Littwin: And then the justices did nothing, which meant everything |

Littwin: And then the justices did nothing, which meant everything

I think the first time I wrote that it was definitely all over on gay marriage was the day that Antonin Scalia wrote grudgingly, and as a warning, that it would soon be all over on gay marriage.

Or it might have been the night Frank McNulty blocked civil unions at the state Legislature, when I said something like he was standing in the way of — and would soon be run over by — that old history train.

I know I wrote it when Hillary Hall, the Boulder clerk and recorder, turned plucky hero and began issuing marriage licenses after deciding that a 10th Circuit ruling gave her the moral and constitutional authority to do so.

Or, well, you get the idea. We’ve known for a while that the day was coming eventually. We’ve known for a shorter while that the day was coming imminently.

The story is amazing. A moral issue turns into a fairness issue. A fairness issue becomes a generational issue. A generational issue becomes a familiarity issue.

Now we know this is the day in Colorado — and for a majority of Americans. On Monday, the Supreme Court decided the issue by not deciding the issue. They decided not to hear appeals of a long series of appeals court decisions making bans on same-sex marriage unconstitutional. Court observers were stunned that the justices gave the issue a pass. But nobody could mistake their intent.

The justices did nothing, which meant everything, and will soon — as soon as a few legalisms are set right — mean same-sex marriage will be legal everywhere in Colorado. Pueblo County Clerk Bo Ortiz is already issuing licenses. Colorado Attorney General John Suthers, who has lost and appealed in case after case, now says he will ask all courts that have issued stays on pro-marriage decisions to lift them. Suthers was the last line of defense, and now he has surrendered. All that’s left is the signing of the papers and the handing-over of the sword.

I hadn’t yet moved here in 1992, when Colorado had its moment of shame as the Hate State. I live here now, though, when House Speaker Mark Ferrandino writes in a fundraising letter that “LOVE WINS!” and paints the House majority logo in rainbow colors.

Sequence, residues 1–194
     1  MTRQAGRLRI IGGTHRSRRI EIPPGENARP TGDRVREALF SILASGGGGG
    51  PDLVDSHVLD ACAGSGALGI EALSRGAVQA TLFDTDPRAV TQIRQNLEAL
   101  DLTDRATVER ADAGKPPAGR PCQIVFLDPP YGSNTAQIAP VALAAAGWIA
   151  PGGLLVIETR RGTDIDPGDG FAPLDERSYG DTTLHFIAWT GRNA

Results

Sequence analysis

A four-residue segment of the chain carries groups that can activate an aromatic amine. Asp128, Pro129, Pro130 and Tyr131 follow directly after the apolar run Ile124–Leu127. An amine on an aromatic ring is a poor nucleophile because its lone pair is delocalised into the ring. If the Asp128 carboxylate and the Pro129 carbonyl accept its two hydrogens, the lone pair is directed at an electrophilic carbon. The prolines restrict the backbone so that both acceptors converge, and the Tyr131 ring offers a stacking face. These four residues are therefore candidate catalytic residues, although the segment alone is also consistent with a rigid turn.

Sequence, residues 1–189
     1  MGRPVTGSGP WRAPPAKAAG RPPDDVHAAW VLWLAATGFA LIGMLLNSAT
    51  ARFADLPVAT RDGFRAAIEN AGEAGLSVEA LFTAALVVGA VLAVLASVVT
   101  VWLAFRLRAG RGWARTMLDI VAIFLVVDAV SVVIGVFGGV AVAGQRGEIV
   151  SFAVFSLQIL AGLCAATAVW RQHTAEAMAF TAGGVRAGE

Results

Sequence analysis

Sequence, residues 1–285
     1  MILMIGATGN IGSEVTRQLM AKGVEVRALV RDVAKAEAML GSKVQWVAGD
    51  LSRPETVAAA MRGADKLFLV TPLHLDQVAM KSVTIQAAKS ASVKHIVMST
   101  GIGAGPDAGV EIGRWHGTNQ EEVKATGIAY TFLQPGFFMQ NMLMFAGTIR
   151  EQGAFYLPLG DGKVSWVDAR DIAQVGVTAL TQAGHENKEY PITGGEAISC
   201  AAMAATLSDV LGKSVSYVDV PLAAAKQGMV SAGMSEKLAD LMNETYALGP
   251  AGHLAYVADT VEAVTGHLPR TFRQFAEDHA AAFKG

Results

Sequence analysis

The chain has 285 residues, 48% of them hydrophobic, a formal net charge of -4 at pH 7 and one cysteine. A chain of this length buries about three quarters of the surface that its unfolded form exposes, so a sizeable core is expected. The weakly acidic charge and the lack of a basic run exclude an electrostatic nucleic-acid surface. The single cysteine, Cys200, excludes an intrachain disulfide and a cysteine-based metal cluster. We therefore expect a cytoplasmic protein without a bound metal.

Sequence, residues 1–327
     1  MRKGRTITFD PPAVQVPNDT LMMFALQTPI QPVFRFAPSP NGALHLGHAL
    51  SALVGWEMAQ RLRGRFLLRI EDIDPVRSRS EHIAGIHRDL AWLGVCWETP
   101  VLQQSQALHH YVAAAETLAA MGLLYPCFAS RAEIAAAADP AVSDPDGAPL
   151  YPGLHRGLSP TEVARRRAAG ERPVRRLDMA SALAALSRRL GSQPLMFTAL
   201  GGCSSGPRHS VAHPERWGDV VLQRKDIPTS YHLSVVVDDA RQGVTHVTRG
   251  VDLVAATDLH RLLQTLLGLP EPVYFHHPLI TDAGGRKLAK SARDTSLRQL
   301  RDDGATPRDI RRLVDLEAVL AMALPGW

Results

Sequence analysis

Ferrandino told me Monday that he first gave thought to same-sex marriage just after college, when he was in his first serious relationship and he knew that, as a gay man, he could not be married. It was a time when gay marriage was a major story — because state after state, including Colorado in 2004 — put one-man-one-woman marriage language into their constitutions. It was one of the infamous wedge issues designed to get Republicans to the polls, and some think it played a key role in getting George W. Bush re-elected.

That’s all history now. And what’s incredible is that history moved so quickly and so thoroughly that it could now be a wedge issue for Democrats.

“Four years ago,” Ferrandino said, “we were a long way from marriage. We were fighting to get civil unions, and we were losing. It took three years, and I was so proud to be the speaker when it happened.

“And now, in half the time, a year and a half later, we have marriage equality. It’s amazing.”

The story is amazing. A moral issue — what Scalia still calls “homosexual sodomy” — turns into a fairness issue. A fairness issue becomes a generational issue. A generational issue becomes a familiarity issue. More people come out, some of whom play in the NBA or get drafted by the NFL, and more people see the absurdity of the idea that someone’s marriage has anything to do with your marriage. Gays and lesbians are now the people next door, the neighbors down the block, the people we work with. And here we are.

Two years ago, five states and the District of Columbia had same-sex marriage. After the non-ruling Monday, the number rose to 26 states. Five more states, including Colorado, will join that group quite soon. Nearly 60 percent of Americans will live in states where gay couples enjoy basic civil rights, with many more to come.

No civil-rights movement has ever moved with this kind of speed. In 1996, a Gallup poll showed Americans opposing gay marriage by a 68-27 margin. Now, more than half the country supports it. In some polls, it’s as high as 60 percent. Among Republicans younger than 30, the Pew poll has it at 61 percent.

Is it over? Of course it’s over on gay marriage. Someday the Supreme Court will make its ruling, and that will be that for all 50 states.

And, of course, it’s not over. There are fights at the margins, which aren’t really the margins. Someday, gays will be a protected group everywhere, becoming just one more group that has faced discrimination from, say, bigoted bakers. Someday, and probably soon, the so-called “religious freedom” laws will be seen in the same way as the anti-gay-marriage laws are seen now. The momentum is so great that gay rights, against all odds, will probably be the legacy of the conservative Roberts Court.

This was a day that we’ve known for a while was going to come. Now we know, finally, that the day has arrived.

Mike Littwin runs Sundays in The Aspen Times. A former columnist for the Rocky Mountain News and Denver Post, he currently writes for

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